Green beans and yellow wax beans are easy to grow and easy to can or freeze. They’re a favorite vegetable for many people.
Selecting Green Beans
Always try to obtain the freshest and most tender green beans possible. Reject beans that are over mature, hollow, tough, limp or floppy.
It takes approximately 1 ½ pounds of raw unsnapped green beans to produce a finished quart.
Snapping and Washing Green Beans
Green beans fresh picked from the garden or purchased at a farm stand or market will need to be washed and trimmed before they are canned or frozen. Trimming or snapping beans is easy but is time-consuming.
The old saying ” Many hands make light work” applies here. Snapping or beans goes much faster with good company and conversation. The stem end on the bean needs to be removed. The bean is snapped or cut into half or into thirds. Snapped bean are faster. But cut beans look better. Either is fine. It just depends upon preference.
After the beans are cut or snapped, place them into a sink of cold water to rinse and clean them. You may have to swish or rub the beans with your hands to remove any clinging dirt or grass.Drain the sink, rinse the beans under running water and remove the beans to a bowl. The beans are now ready to be canned or frozen.
Canning Green Beans
Green beans are a low acid food. The only dependably safe method of home canning low acid foods is with a pressure canner. Green beans can be pressure canned using either the raw pack or hot pack method.
The are two different ways to can green beans: raw pack or hot pack. The raw pack method is presented here and is the method that I prefer. The raw pack method saves time and energy. With the raw pack method fresh raw green beans are packed into a Mason jar and then boiling water is poured over them. The jar is then sealed and processed in a pressure canner.
The hot pack method is basically the same as the raw pack except the beans are cooked or blanched before they are packed hot into a canning jar. The advantage of hot pack is that more beans can be put into a jar and the beans don’t tend to float in the jar.
The disadvantage with the hot pack method is that the beans can become mushy if cooked for too long.
Usually green beans are canned with salt for added flavor. But salt is not a necessary ingredient for successful home canning of green beans or any other canned food. People on low sodium diets may prefer to skip the salt completely. If you choose to add salt, the standard measure is:
1 teaspoon salt for quarts
½ teaspoon salt for pints.
I use half those amounts in my beans.
Gather and assemble the jars, lids, bands, jar lifter, funnel and the pressure canner before the canning day. Nothing is worse than stopping in the middle of canning to go and hunt for something you forgot or replace equipment that doesn’t work properly.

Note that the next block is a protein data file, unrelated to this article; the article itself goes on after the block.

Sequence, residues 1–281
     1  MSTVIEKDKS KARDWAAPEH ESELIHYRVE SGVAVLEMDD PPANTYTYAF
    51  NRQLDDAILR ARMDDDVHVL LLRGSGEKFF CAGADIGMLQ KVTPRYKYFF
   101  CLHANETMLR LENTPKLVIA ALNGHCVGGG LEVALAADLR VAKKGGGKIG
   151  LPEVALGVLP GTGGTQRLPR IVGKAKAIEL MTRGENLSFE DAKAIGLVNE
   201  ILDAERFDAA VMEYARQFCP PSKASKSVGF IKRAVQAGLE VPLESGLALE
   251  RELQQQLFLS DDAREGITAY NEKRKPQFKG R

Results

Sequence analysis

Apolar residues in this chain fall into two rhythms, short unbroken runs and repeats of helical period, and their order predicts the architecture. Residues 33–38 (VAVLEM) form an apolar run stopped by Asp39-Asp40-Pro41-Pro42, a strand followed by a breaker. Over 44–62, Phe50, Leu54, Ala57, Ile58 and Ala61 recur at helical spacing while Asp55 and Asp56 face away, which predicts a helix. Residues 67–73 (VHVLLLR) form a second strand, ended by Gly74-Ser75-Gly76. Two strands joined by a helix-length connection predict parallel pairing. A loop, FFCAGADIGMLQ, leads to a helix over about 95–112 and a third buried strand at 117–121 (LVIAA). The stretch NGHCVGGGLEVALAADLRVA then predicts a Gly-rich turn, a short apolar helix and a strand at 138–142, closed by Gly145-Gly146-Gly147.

Check to make sure that everything is in good working order. Visually examine all jars and rims for cracks, nicks or sharp edges. Examine the pressure canner and gasket carefully.Only prepare enough green beans for one canner load at a time.
Wash the jars and bands in hot soapy water and rinse well. Dry the bands and set aside. Keep the jars hot. An automatic dishwasher is perfect for this. But a sink full of hot water works just as well, as does pouring very hot water into upright jars as they stand in a sink or in a shallow pan.
Place the rack in the pressure canner and add the recommended amount of water according to your canner’s manufacturer.
Begin to heat the canner and a kettle of full of water while you are working. The water in the kettle will be poured into the jars to cover the beans. Simmer lids for 3 -5 minutes and keep hot until ready to use. Don’t boil them.
Filling The Jars
Fill a hot jar with green beans.
Pour boiling water into the jar and over the beans. Leave a 1″ head space. A jar funnel is an easy way to help you to determine head space. The distance from the bottom of the jar funnel as it sits inside the jar is 1″.
It is necessary to remove the air bubbles and air pockets from the jar. Do this by sliding a non-metallic object or spatula down the sides of the jar.
You will see tiny air bubbles come to the top of the jar and the beans will float a little. This is normal. Wipe the rim of the jar and jar threads with a clean damp cloth. The rim must be clean and free of food particles so that the lid makes a good strong seal.
Remove a lid from the hot water and center the lid on the jar with the sealing compound next to the jar rim.
Screw the lid band down evenly and firmly, but don’t over tighten.
Place the sealed jar into the canner. Fill the remaining jars one at a time with green beans and place the jars into the canner after they have been filled.